The Harpers Ferry raid vividly illustrates the dialectical relationship between activity and propaganda.
Initially, most of the North opposed the raid. But during the 60 days from the time that the shooting stopped until the execution of John Brown, the attitude of people in the North changed markedly.
When he was captured, Brown’s rifle was taken from him. The New England essayist Henry David Thoreau remarked that Brown “could afford to lose his Sharpe’s rifles, while he retained his faculty of speech, a Sharpe’s rifle of infinitely surer and longer range.”
After the shooting stopped, the country was transfixed by the spectacle of the state of Virginia rushing with obscene haste through the trial of a wounded old man (who lay on a cot, barely able to stand, during most of the proceedings.)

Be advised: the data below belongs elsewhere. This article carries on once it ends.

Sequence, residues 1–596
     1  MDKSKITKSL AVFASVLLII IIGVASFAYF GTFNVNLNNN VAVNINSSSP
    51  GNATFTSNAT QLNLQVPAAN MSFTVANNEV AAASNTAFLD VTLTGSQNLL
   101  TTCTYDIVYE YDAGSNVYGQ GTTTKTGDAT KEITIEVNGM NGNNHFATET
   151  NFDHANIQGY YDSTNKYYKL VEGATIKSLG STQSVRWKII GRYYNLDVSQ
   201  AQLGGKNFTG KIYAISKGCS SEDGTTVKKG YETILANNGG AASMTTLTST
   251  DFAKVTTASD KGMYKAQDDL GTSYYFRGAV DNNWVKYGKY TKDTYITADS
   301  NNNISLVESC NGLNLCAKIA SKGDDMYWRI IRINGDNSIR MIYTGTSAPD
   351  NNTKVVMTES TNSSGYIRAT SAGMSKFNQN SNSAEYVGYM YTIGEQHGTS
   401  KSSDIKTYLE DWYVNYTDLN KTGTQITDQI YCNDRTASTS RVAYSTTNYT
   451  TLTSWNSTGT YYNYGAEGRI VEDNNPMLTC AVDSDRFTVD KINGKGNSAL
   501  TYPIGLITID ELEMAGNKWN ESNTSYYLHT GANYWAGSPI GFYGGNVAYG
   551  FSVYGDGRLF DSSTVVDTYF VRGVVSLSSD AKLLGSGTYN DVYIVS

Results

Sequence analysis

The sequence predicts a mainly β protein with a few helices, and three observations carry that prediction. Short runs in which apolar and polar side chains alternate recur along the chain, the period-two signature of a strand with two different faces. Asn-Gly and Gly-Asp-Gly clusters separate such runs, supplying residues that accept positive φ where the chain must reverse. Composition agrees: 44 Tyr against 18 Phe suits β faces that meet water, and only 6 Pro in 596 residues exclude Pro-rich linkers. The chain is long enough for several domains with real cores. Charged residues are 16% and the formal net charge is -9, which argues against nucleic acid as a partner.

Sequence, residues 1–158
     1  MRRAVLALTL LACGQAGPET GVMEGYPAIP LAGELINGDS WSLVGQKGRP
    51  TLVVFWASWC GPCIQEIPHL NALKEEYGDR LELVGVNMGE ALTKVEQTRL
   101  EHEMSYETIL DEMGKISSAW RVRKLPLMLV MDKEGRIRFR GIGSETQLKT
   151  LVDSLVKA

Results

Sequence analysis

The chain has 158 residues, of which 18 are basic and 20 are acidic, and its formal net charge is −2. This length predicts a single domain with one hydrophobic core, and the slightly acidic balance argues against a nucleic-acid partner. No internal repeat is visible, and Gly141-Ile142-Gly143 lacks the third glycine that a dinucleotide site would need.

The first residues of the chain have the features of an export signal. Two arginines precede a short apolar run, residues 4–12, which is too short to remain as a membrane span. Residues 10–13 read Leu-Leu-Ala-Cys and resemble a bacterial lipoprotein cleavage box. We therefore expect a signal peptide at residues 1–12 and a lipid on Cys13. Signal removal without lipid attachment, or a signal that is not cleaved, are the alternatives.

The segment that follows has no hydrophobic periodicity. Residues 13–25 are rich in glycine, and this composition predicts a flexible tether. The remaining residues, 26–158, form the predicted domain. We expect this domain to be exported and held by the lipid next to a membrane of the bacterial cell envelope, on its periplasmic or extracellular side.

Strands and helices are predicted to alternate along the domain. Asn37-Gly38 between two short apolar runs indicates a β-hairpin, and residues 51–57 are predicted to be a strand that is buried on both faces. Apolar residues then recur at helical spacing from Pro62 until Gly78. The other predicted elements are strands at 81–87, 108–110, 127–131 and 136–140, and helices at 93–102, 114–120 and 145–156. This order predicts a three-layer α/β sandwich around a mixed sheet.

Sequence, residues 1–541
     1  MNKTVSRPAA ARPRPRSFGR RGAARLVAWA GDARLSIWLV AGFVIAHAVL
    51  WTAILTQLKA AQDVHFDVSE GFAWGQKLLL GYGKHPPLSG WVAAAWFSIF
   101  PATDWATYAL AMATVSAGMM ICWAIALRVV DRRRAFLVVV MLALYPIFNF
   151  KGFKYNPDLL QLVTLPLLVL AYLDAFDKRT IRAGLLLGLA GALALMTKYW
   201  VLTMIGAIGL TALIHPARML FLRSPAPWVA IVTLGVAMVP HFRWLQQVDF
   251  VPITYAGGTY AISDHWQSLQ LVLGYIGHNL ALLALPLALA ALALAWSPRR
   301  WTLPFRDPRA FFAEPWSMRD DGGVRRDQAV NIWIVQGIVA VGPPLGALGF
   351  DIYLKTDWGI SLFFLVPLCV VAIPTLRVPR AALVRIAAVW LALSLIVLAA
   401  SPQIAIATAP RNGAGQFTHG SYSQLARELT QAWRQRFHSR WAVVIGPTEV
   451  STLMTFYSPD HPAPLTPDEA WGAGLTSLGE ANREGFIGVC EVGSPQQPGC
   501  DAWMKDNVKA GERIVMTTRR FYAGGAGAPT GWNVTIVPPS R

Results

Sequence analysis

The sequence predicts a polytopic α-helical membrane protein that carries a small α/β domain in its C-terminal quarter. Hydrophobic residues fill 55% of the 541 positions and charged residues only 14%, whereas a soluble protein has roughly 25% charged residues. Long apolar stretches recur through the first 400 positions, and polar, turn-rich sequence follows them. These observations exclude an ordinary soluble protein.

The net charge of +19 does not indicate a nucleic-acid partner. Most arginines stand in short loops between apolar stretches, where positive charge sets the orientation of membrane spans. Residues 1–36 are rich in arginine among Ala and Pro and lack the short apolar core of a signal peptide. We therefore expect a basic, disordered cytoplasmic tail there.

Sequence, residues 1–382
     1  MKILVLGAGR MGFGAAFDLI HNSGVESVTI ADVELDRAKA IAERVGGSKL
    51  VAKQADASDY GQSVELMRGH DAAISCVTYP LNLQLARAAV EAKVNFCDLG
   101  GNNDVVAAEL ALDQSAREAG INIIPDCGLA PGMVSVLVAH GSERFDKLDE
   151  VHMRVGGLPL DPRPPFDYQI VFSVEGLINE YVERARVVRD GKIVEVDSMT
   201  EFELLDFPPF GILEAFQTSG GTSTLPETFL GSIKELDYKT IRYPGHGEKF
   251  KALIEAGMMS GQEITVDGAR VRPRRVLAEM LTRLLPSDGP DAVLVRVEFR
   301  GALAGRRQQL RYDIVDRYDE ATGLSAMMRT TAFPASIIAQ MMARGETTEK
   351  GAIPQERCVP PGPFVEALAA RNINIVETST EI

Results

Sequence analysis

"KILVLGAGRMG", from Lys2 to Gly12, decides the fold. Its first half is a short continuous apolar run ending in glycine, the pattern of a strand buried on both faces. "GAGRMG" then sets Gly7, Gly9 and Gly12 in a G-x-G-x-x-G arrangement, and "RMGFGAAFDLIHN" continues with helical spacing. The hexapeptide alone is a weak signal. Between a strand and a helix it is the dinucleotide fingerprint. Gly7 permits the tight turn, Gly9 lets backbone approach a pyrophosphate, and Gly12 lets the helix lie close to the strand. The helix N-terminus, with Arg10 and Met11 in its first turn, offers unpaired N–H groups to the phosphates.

The Virginia authorities made two serious blunders during this period. First, they allowed reporters to interview Brown. Second, prison officials allowed Brown to write and answer letters.
Here is how in his book, To Purge This Land With Blood: A Biography of John Brown, historian Stephen B. Oates described the consequences of that second decision:
“[T]he old man, taking advantage of this God-sent opportunity, sent out from that Charlestown jail some of the most eloquent statements ever to come from the pen of a condemned man. Even the sheriff, who examined Brown’s letters as a matter of duty, frequently had to wipe tears from his eyes.”
On Nov. 2, 1859, the judge asked Brown if he had anything to say before sentence was pronounced. Caught off guard because he had not expected to be sentenced before the other prisoners, Brown still responded with a defense of his actions so eloquent that Ralph Waldo Emerson later compared it to Lincoln’s Gettysburg Address.
Pointing out a Bible being used in the courtroom, Brown declared that everything that he had done had been in accord with that book, and had been in defense of God’s “despised poor.”